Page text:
There are some people who have a very clear idea of what sort of public service they want to do and how a law degree will help them, and even those people usually find their dreams crushed against the rocks of reality. If you go at law school with just some vague notion of public service, I can promise you that you'll regret your decision. The first day at Duke, the entire 200+ person class was gathered in a class room and they asked everyone who wanted to be in public service to raise their hand. At least 80 people did. Do you know how many ended up in a public service job three years later? About 3 of them. 2 of them were the very dedicated type I referred to, the other was a trust fund baby who couldn't get a real job. Most people don't think about what $150,000 in debt actually MEANS until they are faced with the option of helping poor people for $30,000 a year, or helping Skadden Arps for $140,000 a year, while having to make 500+ a month loan payment.
and the very worst reason,
6. "I want to make a lot of money": You can unquestionably make a lot of money being a lawyer. Right out of law school even, you can get a job with a big corporate firm that pays $120,000+ to start. Sounds like a lot doesn't it? But have you not stopped and thought about why they pay so much? Do you think it's because the job is rewarding and fulfilling? Didn't your parents ever tell you what it means when something looks too good to be true? There is a reason that there are so many lawyer jokes. There is a reason that the legal profession has one of the lowest job satisfaction rankings of any profession in America. There is a reason that so many lawyers leave the legal field: Being a lawyer--especially a lawyer at the type of big corporate firm that pays so well-- SUCKS.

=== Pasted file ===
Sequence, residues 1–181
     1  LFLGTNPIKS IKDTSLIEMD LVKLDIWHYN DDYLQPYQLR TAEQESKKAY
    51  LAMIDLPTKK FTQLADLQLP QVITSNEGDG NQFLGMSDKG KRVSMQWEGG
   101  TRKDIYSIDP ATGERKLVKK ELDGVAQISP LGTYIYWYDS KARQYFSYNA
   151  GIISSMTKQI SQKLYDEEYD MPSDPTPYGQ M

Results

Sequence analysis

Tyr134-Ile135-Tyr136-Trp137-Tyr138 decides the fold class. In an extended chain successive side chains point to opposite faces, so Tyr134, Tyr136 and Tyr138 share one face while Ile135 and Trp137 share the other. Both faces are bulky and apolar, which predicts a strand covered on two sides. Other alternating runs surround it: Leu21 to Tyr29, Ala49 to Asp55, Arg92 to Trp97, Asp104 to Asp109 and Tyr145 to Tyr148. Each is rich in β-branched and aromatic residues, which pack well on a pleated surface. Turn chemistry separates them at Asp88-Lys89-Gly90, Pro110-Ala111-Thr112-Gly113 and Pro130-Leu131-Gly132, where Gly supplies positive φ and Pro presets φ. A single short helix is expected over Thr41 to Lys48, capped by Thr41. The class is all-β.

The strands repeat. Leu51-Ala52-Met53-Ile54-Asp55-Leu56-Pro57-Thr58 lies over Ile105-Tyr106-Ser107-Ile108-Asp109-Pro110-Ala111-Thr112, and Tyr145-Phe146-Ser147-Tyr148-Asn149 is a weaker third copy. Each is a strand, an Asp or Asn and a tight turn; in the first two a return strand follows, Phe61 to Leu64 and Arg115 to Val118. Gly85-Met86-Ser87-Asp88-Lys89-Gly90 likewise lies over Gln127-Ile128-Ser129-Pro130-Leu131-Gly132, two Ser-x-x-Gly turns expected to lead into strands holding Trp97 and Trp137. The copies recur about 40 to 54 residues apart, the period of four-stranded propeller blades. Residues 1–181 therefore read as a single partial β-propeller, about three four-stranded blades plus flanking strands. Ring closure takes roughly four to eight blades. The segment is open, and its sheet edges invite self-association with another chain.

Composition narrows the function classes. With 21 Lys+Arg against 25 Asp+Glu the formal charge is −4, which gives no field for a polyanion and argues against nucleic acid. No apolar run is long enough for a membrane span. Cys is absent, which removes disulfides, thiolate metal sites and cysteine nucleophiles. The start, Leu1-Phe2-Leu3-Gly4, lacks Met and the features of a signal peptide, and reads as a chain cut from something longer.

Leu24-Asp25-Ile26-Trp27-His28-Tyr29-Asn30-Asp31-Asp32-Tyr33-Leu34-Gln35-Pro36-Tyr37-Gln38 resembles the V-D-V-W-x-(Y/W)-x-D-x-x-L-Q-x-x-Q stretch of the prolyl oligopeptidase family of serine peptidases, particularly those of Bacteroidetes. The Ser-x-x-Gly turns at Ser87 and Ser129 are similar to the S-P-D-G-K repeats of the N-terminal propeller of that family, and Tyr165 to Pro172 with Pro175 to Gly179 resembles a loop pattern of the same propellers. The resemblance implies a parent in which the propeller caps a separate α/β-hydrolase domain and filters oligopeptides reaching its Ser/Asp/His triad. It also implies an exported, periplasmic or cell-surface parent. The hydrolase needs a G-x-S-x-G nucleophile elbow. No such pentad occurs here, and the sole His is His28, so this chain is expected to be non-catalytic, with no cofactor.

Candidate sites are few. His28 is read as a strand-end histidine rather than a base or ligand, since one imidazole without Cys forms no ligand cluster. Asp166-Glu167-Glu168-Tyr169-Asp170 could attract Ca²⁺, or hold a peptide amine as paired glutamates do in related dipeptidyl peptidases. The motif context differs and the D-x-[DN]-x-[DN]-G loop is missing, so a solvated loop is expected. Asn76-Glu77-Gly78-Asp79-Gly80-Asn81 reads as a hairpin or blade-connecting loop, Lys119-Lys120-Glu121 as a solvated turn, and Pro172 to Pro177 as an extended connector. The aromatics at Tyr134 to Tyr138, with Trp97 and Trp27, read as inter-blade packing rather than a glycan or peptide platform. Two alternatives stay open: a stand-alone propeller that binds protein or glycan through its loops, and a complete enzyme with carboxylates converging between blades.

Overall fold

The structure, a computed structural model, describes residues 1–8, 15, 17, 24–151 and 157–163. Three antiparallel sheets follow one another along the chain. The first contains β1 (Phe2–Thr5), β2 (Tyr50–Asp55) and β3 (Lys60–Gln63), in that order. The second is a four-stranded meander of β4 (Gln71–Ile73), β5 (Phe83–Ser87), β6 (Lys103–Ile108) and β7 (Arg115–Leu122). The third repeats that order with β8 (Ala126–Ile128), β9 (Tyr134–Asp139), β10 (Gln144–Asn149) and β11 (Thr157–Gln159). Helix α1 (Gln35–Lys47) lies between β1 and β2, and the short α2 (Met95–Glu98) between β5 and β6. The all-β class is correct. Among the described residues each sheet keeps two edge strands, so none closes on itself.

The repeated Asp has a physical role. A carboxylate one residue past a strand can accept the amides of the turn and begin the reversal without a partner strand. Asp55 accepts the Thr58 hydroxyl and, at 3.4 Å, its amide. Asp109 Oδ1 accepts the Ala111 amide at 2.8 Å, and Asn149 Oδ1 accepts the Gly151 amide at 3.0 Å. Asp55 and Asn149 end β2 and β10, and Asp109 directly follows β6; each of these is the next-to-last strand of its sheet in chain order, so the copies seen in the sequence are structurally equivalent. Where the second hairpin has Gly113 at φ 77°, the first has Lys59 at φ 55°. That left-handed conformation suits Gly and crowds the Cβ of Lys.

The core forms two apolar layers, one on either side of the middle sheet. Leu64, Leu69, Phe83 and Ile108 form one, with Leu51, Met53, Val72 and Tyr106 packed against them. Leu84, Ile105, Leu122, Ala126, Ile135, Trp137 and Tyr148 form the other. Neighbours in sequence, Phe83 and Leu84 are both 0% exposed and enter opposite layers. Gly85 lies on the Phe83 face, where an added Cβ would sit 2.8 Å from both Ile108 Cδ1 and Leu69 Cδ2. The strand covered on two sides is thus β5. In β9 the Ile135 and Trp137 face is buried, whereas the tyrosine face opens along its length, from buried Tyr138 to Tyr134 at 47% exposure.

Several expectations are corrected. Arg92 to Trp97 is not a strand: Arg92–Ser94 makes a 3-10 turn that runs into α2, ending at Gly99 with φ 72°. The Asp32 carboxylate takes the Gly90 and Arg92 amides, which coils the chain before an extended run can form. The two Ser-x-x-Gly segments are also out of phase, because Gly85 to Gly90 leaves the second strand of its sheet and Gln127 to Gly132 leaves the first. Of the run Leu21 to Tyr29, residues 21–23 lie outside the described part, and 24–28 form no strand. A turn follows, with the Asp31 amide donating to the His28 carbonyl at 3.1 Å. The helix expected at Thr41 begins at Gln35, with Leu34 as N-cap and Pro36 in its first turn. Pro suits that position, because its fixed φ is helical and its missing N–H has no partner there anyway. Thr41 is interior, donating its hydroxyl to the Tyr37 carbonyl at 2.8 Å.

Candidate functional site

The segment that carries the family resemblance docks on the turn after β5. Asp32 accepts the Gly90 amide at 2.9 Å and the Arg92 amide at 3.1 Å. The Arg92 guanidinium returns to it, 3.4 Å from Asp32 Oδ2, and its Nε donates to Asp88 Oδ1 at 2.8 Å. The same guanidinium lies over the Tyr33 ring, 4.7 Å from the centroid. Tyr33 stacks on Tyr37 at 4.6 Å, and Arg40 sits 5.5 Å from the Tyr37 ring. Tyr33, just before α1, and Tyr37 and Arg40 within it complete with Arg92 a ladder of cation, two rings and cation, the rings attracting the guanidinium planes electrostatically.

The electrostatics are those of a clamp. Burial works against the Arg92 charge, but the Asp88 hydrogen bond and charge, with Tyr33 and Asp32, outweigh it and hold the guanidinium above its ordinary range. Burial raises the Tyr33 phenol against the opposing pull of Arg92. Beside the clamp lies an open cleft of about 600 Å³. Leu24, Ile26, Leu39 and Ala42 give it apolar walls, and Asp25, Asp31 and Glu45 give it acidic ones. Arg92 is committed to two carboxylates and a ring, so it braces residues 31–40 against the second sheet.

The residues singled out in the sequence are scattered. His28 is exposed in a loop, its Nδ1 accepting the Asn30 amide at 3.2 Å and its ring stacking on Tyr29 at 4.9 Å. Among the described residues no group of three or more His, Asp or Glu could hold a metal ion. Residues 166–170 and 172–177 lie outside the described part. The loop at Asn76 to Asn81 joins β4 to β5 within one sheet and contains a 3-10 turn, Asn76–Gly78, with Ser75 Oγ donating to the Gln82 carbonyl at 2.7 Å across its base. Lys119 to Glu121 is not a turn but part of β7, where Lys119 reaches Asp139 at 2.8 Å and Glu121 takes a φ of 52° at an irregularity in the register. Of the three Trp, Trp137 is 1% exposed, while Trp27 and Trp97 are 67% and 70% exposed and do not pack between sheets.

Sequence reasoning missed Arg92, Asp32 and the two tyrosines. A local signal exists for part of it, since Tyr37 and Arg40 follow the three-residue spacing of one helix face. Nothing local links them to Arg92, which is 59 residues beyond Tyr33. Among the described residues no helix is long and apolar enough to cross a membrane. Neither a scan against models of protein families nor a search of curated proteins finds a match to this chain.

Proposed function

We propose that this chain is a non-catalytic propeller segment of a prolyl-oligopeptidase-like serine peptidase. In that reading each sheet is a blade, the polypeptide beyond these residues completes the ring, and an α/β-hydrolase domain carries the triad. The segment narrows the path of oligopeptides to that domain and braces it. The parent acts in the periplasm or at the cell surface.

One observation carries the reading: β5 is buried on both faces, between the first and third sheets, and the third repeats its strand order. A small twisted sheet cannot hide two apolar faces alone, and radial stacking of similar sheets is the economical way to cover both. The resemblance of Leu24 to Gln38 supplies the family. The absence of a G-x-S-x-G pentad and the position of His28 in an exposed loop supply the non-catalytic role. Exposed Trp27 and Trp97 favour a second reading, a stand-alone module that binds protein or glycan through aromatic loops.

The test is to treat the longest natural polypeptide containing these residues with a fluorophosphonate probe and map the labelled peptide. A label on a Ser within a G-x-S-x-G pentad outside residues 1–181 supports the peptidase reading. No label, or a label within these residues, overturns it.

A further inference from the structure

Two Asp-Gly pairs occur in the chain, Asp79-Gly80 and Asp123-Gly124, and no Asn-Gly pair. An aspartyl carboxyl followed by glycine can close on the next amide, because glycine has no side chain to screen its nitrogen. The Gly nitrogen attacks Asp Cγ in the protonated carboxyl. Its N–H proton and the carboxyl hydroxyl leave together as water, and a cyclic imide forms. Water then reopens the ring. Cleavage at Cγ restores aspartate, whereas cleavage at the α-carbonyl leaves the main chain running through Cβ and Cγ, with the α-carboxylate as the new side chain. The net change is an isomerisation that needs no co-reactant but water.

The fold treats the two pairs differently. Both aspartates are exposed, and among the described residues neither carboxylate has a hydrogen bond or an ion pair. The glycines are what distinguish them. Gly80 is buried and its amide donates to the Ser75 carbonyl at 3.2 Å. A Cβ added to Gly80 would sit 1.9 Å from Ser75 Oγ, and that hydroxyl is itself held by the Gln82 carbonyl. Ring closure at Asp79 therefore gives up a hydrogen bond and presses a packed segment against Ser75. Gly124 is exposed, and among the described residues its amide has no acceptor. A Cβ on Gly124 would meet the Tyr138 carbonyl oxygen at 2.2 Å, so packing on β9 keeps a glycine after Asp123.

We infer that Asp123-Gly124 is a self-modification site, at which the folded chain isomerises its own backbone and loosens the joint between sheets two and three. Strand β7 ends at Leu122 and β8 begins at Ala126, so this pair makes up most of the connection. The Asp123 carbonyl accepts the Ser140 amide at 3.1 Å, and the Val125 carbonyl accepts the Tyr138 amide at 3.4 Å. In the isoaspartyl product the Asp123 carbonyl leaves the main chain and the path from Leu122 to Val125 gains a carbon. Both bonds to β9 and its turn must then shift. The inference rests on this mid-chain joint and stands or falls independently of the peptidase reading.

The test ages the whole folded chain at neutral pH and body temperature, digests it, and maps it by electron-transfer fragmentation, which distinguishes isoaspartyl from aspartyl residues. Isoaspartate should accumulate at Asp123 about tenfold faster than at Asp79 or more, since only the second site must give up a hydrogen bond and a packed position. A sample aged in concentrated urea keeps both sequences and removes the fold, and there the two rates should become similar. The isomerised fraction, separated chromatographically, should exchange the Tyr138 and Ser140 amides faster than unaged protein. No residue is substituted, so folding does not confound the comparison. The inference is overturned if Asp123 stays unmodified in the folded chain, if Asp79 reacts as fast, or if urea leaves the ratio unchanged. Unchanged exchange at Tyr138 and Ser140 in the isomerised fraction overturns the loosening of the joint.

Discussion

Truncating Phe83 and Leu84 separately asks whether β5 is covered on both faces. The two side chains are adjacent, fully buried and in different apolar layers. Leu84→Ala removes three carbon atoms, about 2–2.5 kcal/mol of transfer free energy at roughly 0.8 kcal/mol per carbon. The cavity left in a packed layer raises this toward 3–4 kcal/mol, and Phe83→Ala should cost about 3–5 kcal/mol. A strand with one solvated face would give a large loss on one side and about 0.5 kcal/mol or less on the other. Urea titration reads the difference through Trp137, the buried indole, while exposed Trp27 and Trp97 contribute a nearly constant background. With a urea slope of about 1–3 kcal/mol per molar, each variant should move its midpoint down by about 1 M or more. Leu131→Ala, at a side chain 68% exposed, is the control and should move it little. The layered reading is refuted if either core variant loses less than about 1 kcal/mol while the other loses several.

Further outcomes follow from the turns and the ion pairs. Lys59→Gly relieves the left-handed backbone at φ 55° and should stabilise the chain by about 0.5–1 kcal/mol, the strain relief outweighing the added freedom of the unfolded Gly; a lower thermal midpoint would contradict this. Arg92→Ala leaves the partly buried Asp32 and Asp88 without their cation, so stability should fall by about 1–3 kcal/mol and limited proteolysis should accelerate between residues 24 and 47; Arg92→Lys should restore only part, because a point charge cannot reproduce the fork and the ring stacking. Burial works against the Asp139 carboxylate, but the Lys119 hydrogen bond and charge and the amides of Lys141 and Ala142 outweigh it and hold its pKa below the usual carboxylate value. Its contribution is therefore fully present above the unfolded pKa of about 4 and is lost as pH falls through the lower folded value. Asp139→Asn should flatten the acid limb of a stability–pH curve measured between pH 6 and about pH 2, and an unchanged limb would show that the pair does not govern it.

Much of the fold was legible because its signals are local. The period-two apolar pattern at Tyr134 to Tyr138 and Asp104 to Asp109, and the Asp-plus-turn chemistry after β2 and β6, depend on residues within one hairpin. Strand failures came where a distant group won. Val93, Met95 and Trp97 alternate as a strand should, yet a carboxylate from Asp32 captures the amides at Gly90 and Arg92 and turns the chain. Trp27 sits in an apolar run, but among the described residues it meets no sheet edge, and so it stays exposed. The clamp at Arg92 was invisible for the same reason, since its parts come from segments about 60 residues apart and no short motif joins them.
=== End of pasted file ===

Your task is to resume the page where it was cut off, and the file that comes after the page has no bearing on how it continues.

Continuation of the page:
The American Bar Association has published several studies about the incredibly low job satisfaction of lawyers and in every survey they publish, most lawyers say that they would NOT be a lawyer if they had it all to do over again. Just look at my specific example: Of my ten closest friends from law school, the ones I always write about like PWJ and SlingBlade, only 4 are still practicing law. Five years out of law school, and only 40% are still doing what they racked up a six figure debt to learn how to do. I don't really follow anyone else in my graduating class because most of them were worthless pricks, but from what I understand, the others are just like us: Most are now doing something else.
But beyond that, there are NOT an unlimited number of jobs that start at $120,000 a year. In fact, there aren't many at all, and pretty much ALL of them go to kids who come from the Top 15 law schools. If you go to a law school that is even in the bottom of the first tier, unless you are top 10% of your class or on law review, you are probably fucked. Really. I cannot be any clearer about this: YOU ARE NOT GUARANTEED A JOB OUT OF ANY LAW SCHOOL, MUCH LESS A JOB THAT PAYS SIX FIGURES. They aren't going to tell you that at law school receptions, but it is the truth.